Who could forget the leather suits he wore? For Delirious, it was a red leather jumpsuit. For Raw, it was purple. And nothing and nobody were off limits. Murphy poked fun at other people in the biz – Michael Jackson, Mr. T and Bill Cosby. He made fun of his mother and father; he ribbed his fellow Americans and he devoted segments to joking about the stereotypical behaviours of other cultures. He talked about sex, women and his relationships, and everything, everything, was described with frankness and punctuated with the word “fuck.” His stand-up was raunchy, raucous, crude, controversial and full of foul language; it was even grotesque, often politically incorrect and off-putting, yet people loved it. It wasn’t his jokes that made the shows because some of them were really bad. It was his delivery and charisma that grabbed you, and even when he riffed about homosexuality and AIDS in the most ignorant and appalling of ways, his performance held your attention like a horrific car crash that you couldn’t turn away from. Murphy was only 22 when he did Delirious and so the immature, irresponsible and offensive comedy might be explained by his youth and the times; times which were less progressive. As such, his stand-up comedy specials have aged poorly and might not play so well to audiences today. Anything that makes references to pop culture or provides social commentary specific to a particular time risks becoming outdated, and such is the case with Murphy’s early stand-up.
What do continue to play well, however, are Murphy’s early sketch comedy stints and films. Anyone in the 80s who liked comedy or watching movies knows Eddie Murphy. He was one of the biggest, funniest, edgiest and most bankable movie stars of that era. At just 19 years of age, he was cast as a regular member on Saturday Night Live. Remember Buckwheat and Mr. Robinson’s Neighborhood? He created so many memorable characters during his SNL tenure with laughter behind his eyes and a genuine sense of happiness that showed that he was having the best time. He had so many successes, like the aforementioned stand-up comedy specials, Delirious and Raw, and a series of popular comedies that are still so much fun to watch today. Among my favourites are 48 Hours, Trading Places, Beverly Hills Cop 1 and 2, The Golden Child and Coming to America. These films starred Murphy at his most confident and at his best, and then he kind of hit a skid and so did the films he made.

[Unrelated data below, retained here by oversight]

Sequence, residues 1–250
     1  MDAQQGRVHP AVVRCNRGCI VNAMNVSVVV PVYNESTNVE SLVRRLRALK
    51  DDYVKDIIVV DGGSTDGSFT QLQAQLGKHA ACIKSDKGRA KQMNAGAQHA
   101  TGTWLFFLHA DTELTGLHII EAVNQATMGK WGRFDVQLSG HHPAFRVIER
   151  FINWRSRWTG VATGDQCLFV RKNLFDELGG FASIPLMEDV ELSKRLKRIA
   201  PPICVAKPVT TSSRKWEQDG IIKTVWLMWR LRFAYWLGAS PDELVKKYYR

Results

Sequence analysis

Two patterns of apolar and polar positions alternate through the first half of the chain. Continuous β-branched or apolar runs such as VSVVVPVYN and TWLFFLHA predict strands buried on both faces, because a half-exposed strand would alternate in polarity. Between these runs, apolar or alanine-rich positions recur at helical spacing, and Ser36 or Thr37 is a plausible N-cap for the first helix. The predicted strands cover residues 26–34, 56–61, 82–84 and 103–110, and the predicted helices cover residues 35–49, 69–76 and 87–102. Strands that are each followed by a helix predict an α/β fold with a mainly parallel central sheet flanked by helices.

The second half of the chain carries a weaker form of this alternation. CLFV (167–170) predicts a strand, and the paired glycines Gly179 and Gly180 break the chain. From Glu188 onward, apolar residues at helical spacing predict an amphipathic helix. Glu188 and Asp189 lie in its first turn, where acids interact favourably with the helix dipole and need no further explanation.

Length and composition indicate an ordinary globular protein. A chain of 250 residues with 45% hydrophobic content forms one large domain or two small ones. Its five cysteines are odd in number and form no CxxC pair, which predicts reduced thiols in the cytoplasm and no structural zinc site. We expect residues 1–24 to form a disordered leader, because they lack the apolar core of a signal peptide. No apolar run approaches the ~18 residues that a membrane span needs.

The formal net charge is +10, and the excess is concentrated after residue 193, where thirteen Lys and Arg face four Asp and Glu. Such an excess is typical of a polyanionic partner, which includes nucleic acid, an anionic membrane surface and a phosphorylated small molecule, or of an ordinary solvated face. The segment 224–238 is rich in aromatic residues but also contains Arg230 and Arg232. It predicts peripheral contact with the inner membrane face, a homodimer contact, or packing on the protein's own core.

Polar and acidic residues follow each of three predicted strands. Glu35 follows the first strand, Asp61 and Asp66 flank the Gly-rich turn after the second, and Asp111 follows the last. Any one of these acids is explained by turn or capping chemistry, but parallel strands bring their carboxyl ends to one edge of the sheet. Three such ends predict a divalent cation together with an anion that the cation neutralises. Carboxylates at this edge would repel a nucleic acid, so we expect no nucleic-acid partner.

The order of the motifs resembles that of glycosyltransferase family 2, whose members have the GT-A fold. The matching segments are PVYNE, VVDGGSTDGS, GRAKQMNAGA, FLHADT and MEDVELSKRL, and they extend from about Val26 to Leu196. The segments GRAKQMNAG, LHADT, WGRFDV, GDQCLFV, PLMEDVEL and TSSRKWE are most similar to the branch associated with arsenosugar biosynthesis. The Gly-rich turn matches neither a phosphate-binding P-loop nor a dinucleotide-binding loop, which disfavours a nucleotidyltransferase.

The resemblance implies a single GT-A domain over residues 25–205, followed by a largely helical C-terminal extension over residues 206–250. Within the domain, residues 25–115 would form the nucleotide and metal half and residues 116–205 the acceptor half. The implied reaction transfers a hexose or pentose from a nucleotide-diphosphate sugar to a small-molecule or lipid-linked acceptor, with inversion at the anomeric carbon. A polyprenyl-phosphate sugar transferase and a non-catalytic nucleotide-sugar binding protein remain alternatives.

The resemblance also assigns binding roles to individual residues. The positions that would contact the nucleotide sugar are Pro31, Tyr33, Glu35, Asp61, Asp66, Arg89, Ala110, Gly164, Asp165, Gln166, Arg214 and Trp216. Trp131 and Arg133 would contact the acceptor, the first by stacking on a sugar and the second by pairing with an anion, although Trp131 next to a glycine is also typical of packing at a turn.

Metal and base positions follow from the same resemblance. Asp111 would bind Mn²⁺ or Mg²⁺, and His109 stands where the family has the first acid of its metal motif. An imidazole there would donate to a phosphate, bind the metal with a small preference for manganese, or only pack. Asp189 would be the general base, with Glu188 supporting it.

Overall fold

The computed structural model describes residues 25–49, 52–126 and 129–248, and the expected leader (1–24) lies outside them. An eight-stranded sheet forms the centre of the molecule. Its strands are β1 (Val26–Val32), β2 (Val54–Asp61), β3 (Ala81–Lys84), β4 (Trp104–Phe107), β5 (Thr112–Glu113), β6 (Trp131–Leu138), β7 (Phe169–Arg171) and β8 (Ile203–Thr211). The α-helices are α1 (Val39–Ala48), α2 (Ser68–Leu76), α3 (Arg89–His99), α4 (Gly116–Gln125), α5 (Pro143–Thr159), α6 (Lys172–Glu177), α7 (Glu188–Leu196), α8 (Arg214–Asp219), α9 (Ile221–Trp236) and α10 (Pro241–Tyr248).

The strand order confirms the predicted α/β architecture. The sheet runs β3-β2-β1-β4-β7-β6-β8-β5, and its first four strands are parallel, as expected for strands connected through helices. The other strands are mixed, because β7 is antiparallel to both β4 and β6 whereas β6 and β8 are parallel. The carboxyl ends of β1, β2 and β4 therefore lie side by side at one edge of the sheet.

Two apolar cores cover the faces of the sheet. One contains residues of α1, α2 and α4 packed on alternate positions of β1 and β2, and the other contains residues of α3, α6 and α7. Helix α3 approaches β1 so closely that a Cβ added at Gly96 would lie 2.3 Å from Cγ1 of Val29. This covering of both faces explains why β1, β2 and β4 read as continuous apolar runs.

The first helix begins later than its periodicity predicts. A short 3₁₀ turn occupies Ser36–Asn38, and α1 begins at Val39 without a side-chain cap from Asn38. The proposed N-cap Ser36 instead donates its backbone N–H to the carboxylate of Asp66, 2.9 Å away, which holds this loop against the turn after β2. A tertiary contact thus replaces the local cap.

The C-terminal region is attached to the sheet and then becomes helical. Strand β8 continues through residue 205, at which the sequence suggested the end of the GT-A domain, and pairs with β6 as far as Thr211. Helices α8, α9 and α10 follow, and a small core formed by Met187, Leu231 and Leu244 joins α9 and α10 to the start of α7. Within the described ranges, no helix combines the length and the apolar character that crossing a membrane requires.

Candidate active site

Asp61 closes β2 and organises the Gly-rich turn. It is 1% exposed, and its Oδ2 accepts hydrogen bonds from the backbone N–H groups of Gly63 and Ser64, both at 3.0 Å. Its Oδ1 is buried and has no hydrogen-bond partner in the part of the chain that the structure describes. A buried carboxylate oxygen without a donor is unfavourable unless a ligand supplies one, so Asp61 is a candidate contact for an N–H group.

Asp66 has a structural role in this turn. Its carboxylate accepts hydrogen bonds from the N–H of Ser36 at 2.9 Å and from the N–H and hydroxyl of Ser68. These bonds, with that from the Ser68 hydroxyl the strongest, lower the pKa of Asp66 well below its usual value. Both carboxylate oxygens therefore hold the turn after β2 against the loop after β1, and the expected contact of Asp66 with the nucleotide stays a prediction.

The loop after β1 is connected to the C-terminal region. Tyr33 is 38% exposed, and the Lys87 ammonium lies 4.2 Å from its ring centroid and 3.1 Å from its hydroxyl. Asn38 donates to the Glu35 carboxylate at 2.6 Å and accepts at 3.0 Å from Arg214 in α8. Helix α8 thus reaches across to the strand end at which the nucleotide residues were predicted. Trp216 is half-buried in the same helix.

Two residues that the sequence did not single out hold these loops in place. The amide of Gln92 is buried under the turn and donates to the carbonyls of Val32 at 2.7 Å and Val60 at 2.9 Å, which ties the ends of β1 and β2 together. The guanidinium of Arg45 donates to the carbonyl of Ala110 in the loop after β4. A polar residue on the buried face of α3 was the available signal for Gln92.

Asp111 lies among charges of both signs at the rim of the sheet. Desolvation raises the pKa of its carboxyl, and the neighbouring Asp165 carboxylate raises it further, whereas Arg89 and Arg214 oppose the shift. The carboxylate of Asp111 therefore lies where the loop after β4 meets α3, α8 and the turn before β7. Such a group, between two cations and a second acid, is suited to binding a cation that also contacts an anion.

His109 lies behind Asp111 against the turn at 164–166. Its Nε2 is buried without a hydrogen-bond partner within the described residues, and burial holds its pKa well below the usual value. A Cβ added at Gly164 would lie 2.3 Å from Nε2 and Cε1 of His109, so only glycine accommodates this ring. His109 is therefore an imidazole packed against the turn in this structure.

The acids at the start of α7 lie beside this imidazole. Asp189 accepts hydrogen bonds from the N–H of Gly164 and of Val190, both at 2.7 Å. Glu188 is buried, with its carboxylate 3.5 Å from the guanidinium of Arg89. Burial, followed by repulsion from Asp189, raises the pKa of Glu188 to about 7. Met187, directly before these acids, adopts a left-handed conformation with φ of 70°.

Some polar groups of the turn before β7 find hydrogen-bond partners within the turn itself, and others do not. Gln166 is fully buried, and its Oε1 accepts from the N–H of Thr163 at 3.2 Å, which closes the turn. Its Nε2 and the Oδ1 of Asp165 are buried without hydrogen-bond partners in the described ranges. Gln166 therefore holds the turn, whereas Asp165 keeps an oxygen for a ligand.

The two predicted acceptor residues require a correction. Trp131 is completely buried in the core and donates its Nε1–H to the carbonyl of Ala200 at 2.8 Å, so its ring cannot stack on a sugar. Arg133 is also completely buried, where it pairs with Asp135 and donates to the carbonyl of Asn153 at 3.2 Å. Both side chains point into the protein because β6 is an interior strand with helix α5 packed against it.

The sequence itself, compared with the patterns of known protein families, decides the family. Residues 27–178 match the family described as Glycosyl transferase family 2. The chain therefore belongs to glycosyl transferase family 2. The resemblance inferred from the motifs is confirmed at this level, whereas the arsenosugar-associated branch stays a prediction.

Do you remember the last time that Eddie Murphy made a good comedy? I had to think long and hard about this one and the earliest comedy I could recall that actually made me laugh and did well commercially was Bowfinger in 1999. Before that, it was his amazing multi-character juggernaut The Nutty Professor in 1996. He also starred in a series of successful family-friendly films in the last decade like Dr. Dolittle, Daddy Day Care, and the Shrek series.
He was slated to host the Academy Awards tonight. Though I’m delighted to see Billy Crystal return, I have to wonder what Murphy’s approach would have been to hosting since it would have, essentially, been like his return to stand-up – holding a mike and performing before a live audience – for the first time in ages. And let’s face it; Murphy isn’t the same Murphy of yesteryear with a cool looseness and natural confidence in his work. He’s gotten tighter; more guarded, and now has a reputation for being difficult and unlikeable. Still, the announcement that he’d been tapped to host the Oscars was an exciting thought. What would he have done? It’s anyone’s guess now. I, for one, hope that he’s asked to host again and goes through with it if only to see if a glimmer of the Eddie Murphy from the 80s will show himself again.